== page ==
Fall is my favorite time of year: the air is cooler, the leaves are pretty, Amnesty International student groups are back together again, and people start signing up for the Write for Rights Global Write-a-thon.
In this—the world’s largest human rights event—we use letters, cards and more to demand the human rights of individuals are respected, protected and fulfilled. We show solidarity with those suffering abuses and work to improve people’s lives.
Those are some pretty amazing reasons to participate, but in case you need more, here are my top ten reasons to Write for Rights:
TEN years: the number of years Mahdi Abu Dheeb, the former president of the Bahrain Teachers’ Association (BTA) was sentenced to by a military court in Bahrain, after supporting a teachers’ strike amid widescale pro-reform protests in Bahrain.
NINE years: the amount of time Shaker Aamer has been detained without charge at Guantanamo Bay, and also the number of years Indigenous Mexican women Inés Fernández Ortega and Valentina Rosendo Cantú have awaited justice from the Mexican government for the heinous crimes perpetrated against them by Mexican soldiers.
EIGHT prisoners released following the 2010 and 2009 Global Write-a-Thons, from Ethiopia to Myanmar.
SEVEN days a week, 52 weeks a year, for more than 20 years: how long Shin Sook-ja and her daughters have been held in Yodok political prison camp in North Korea, where inmates—including children—are tortured and forced to work in dangerous conditions.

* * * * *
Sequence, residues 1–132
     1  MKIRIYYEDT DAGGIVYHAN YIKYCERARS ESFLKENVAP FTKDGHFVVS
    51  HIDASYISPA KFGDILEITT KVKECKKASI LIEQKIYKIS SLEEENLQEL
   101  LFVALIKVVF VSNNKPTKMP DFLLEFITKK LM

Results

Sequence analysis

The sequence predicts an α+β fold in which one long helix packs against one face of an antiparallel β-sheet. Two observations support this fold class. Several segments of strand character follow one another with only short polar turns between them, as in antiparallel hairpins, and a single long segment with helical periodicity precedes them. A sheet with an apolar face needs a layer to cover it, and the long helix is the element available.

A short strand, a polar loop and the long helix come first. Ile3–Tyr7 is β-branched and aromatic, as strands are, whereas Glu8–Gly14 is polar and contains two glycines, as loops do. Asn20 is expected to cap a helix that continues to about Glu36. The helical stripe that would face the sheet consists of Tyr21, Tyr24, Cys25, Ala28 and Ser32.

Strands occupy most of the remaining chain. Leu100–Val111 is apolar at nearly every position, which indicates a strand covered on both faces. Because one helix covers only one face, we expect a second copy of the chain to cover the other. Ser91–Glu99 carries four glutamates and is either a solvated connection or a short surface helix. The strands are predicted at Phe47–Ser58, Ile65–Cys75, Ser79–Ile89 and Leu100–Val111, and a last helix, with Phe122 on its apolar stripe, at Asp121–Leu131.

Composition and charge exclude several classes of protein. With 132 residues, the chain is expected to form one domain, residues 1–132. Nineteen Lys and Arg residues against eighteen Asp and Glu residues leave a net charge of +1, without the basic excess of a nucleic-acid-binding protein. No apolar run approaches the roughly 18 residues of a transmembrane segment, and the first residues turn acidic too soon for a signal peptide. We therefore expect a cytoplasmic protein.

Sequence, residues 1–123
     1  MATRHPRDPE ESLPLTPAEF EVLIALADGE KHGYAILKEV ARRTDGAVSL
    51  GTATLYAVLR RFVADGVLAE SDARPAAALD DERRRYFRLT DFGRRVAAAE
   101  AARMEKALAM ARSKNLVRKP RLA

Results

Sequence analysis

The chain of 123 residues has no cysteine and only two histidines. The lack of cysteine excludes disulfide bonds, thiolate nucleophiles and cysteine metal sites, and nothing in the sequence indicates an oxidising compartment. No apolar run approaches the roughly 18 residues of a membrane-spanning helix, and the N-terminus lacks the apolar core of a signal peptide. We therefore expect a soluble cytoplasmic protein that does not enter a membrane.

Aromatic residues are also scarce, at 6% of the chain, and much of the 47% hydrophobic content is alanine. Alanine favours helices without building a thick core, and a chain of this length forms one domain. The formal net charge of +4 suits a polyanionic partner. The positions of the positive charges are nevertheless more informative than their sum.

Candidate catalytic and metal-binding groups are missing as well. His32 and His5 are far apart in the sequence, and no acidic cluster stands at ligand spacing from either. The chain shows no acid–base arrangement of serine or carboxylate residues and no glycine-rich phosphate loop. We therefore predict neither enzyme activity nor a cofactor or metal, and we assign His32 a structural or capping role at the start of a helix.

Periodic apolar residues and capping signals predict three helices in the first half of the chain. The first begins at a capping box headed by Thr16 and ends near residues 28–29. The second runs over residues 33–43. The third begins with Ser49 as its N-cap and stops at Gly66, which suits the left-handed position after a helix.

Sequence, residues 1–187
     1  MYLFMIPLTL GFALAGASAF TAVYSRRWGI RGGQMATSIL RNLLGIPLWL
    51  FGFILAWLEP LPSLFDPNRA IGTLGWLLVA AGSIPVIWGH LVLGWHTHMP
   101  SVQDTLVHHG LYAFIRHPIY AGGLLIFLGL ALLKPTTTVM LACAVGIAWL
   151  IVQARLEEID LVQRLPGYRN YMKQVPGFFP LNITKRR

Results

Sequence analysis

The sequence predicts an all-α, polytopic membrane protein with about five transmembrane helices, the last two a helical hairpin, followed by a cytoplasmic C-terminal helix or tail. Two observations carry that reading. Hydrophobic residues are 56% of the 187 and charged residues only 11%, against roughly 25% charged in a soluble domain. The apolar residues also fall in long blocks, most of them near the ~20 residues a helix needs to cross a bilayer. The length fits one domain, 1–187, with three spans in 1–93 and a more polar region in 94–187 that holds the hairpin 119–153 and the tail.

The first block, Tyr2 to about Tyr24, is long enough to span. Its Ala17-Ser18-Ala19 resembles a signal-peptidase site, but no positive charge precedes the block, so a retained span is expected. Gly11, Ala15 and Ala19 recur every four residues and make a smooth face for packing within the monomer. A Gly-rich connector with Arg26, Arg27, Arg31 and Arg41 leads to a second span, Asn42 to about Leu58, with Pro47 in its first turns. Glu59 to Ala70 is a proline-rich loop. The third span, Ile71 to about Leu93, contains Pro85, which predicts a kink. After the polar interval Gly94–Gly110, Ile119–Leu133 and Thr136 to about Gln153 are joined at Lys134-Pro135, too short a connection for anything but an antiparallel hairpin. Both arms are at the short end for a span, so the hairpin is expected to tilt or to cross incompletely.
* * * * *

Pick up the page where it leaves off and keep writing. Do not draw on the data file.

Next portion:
SIX months: the length of time the already-lengthy prison sentences of Behareh Hedayat and Majid Tavakkoli were extended after the two youth leaders issued a joint statement from prison, encouraging others to continue to push for change in Iran.
FIVE Tamil students, including Ragihar Manoharan, shot dead by Sri Lankan security forces on January 2006, whose families still await justice or at the very least recognition of this atrocity. Those who actively pursue justice in this case have been subjected to harassment, death threats and intimidation.
FOUR in ten urban households in Nigeria do not have secure housing tenure; over 200,000 people living in around 40 informal settlements in Port Harcourt, Nigeria, are at risk of losing their homes and livelihoods as part of the states’ urban renewal program for the city. Up to 17,000 people have already been forcibly evicted.
THREE years: the amount of time Jean-Claude Roger Mbede has been sentenced to jail in Cameroon on a conviction of “homosexuality”.
TWO countries—Somalia and the United States—are the only ones not to have ratified the UN Convention on the Rights of the Child, which prohibits the sentencing of juvenile offenders to life imprisonment without the possibility of release. At age 16, Christi Cheramie was sentenced to life in prison without parole and has spent more than half of her life in a Louisiana prison.
ONE person can make a difference for the human rights of all these individuals (and many more), just by taking part in Write for Rights.